The fruit of the African Marula tree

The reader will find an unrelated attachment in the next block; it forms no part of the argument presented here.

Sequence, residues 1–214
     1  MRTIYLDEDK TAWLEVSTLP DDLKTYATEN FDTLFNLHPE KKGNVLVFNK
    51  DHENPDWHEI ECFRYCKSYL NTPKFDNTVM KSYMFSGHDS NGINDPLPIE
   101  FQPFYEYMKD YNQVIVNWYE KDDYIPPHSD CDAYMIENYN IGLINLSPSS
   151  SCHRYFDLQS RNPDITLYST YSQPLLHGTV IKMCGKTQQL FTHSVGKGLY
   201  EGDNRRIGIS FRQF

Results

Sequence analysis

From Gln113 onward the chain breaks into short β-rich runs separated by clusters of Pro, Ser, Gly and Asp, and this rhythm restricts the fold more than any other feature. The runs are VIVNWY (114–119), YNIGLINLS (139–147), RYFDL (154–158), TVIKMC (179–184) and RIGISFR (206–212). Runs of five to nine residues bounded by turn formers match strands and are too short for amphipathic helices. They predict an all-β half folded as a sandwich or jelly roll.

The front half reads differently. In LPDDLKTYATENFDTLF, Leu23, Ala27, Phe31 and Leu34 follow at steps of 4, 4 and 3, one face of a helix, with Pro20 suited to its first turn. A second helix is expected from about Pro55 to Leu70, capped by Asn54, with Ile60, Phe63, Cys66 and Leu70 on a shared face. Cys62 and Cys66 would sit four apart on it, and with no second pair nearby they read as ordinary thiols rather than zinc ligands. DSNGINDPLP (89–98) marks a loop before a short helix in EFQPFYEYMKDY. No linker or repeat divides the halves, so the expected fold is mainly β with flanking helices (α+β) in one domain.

You too have seen one of the elephants from Camp Jabulani. Well, you have if you’ve ever enjoyed an Amarula sundowner. OK, so you might not actually have seen him. But you’ve definitely seen a picture of him. You see, Sebakwe, the bull elephant of the herd, is synonymous with not just the area in South Africa where the Marula fruit originates, but it is actually a picture of him adorning the label of every bottle of Amarula. On Saturday morning after breakfast, we headed out to Phalaborwa to see the Amarula Lapa where we were able to witness the harvest process of the marula fruit (used to make the Amarula Cream liqueur) and visit a marula fruit collection point. With the season nearly at its end we were lucky to see the last few trucks arrive at the plant and watch the fruit being processed before the long drive to the Cape for fermentation. The Amarula Trust has been sponsoring the Amarula Elephant Research Programme (AERP) since 2002. Headed by Professor Rob Slotow of UKZN, the project explores elephant behaviour as the basis for conservation and elephant management strategy development in public and private game parks. Amarula buys its fruit from villagers who harvest the marulas. They gather the fruit from the ground after it has ripened enough to fall from the marula tree’s branches. The fruit is then crushed and pulped, loaded into tankers and shipped to the Cape, where fermentation yields a marula wine that is double-distilled to make a marula spirit, aged for two years in small French oak barrels. The finishing touch to Amarula Cream is the addition of fresh dairy cream. Camp Jabulani’s delicious menu uses the creamy Amarula drink as inspiration, and the food preprared by head chef, Dylan Frost, ranges from delicately prepared poached pears to beef choux with Amarula Gold, and a smoked cashew Amarula icecream dessert. Camp Jabulani caters for everything from a bush boma (rifle at the ready) to a fine dining experience. We enjoyed the latter on the last of our nights at the lodge that receives 99 per cent international visitors with return guests (not surprisingly) predominantly opting for a longer second visit. Note to self: Return to Camp Jabulani. Pack extra clothes.